You have given quite a lot of thought to your estate planning. One of the options that you are considering for your heirs is an incentive trust. Should you give the green light to your estate planning professional to proceed with the trust, or select an alternative?
Before you are too quick to fund an incentive trust, consider the different ways that these trusts can fail to meet the needs of your heirs and beneficiaries.
Not all conditions may be able to be met
The premise of an incentive trust is that the beneficiaries must meet the specific conditions set forth by you, the trust grantor. Some common conditions include obtaining post-secondary education and often receiving advanced degrees, whether in law, medicine, business or a Ph.D.
But suppose one of your grandchildren doesn’t have the mental acumen to achieve such milestones as set forth in the trust. Or perhaps they suffer a devastating traumatic brain injury (TBI) in an auto accident or fall, leaving them mentally incapacitated but in need of expensive care and assistance for the rest of their days. Would you really want them to be denied disbursements as a result?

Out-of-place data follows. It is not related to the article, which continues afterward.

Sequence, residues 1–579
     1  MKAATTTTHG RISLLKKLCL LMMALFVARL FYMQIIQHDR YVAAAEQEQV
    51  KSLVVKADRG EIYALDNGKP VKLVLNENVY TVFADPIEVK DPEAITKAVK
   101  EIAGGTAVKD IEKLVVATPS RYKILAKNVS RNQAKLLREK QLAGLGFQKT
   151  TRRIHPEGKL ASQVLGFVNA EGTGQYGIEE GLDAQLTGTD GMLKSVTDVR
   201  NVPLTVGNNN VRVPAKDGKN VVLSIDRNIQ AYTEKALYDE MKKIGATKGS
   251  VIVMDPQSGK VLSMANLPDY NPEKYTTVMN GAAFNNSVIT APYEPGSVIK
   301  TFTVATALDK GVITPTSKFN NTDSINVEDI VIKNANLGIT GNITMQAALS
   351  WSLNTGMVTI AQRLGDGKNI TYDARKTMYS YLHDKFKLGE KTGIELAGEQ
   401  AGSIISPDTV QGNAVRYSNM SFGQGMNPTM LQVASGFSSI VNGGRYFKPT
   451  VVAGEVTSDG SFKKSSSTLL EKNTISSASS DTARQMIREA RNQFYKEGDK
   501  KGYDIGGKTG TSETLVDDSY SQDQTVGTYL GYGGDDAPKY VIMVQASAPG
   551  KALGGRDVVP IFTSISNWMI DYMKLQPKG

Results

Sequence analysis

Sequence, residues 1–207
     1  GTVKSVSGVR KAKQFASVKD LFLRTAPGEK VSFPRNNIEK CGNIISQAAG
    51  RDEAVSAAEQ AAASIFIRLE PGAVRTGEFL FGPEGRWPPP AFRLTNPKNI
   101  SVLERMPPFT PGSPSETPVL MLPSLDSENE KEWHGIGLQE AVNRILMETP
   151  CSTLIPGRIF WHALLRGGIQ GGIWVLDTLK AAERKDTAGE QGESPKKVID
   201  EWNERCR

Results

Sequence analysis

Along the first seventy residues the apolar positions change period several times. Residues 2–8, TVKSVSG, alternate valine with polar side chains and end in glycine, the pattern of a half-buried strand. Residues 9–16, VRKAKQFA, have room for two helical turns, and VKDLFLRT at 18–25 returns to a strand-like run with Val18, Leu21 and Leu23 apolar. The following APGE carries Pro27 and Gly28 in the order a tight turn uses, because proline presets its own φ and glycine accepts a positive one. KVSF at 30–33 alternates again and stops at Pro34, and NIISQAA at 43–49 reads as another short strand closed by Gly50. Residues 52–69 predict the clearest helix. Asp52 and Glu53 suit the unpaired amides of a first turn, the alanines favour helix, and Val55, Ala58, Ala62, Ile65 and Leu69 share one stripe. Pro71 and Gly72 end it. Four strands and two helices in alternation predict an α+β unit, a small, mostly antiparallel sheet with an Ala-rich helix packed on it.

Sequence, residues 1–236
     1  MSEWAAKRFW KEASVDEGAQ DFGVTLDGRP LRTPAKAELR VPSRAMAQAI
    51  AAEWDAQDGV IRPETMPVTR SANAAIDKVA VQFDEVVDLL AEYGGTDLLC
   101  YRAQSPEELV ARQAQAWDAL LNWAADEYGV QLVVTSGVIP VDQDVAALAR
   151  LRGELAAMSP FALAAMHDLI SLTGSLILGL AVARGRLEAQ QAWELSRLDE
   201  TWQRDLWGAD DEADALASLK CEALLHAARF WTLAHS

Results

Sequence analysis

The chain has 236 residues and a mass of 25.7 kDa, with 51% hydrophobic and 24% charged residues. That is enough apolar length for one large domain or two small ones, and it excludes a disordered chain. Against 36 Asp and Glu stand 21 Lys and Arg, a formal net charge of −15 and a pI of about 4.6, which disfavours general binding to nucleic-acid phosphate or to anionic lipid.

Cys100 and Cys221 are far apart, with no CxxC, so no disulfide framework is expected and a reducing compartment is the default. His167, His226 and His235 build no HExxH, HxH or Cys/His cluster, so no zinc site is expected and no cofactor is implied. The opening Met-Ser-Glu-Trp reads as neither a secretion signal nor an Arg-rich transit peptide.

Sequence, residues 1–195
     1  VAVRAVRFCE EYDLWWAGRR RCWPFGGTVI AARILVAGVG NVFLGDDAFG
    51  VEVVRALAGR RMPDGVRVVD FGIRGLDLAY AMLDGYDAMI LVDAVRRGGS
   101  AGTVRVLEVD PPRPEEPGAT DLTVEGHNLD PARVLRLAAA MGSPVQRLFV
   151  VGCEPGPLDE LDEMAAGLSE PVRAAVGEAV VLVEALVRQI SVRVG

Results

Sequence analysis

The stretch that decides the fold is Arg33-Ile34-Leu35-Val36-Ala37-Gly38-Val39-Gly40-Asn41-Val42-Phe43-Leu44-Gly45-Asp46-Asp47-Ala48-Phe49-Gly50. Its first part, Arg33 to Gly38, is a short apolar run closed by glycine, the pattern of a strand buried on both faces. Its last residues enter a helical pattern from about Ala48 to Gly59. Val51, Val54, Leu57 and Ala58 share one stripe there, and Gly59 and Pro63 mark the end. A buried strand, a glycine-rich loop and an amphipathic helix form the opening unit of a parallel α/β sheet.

Dead-hand control can tarnish your legacy
Many trust beneficiaries come to resent their benefactors because they perceive them as trying to control their beneficiaries from beyond the grave. This “dead-hand control” can cause your heirs to think of you not with gratitude and fondness but with resentment and festering anger if they don’t comply with the constraints of the incentive trust.
Address your concerns with your estate planning professional
Trusts can be drafted that cover most contingencies in a person’s life, and trustees can be appointed who have wide latitude to consider special circumstances when it comes to complying with incentives set forth in a trust. By working closely with a professional, you can be sure that your trust addresses all your issues while you are present and can approve the terms.